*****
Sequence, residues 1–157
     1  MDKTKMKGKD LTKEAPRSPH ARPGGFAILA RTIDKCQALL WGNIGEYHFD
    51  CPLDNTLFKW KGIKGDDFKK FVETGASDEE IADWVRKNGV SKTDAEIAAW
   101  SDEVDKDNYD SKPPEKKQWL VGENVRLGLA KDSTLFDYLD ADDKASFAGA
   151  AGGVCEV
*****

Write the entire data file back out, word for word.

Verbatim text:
Sequence, residues 1–157
     1  MDKTKMKGKD LTKEAPRSPH ARPGGFAILA RTIDKCQALL WGNIGEYHFD
    51  CPLDNTLFKW KGIKGDDFKK FVETGASDEE IADWVRKNGV SKTDAEIAAW
   101  SDEVDKDNYD SKPPEKKQWL VGENVRLGLA KDSTLFDYLD ADDKASFAGA
   151  AGGVCEV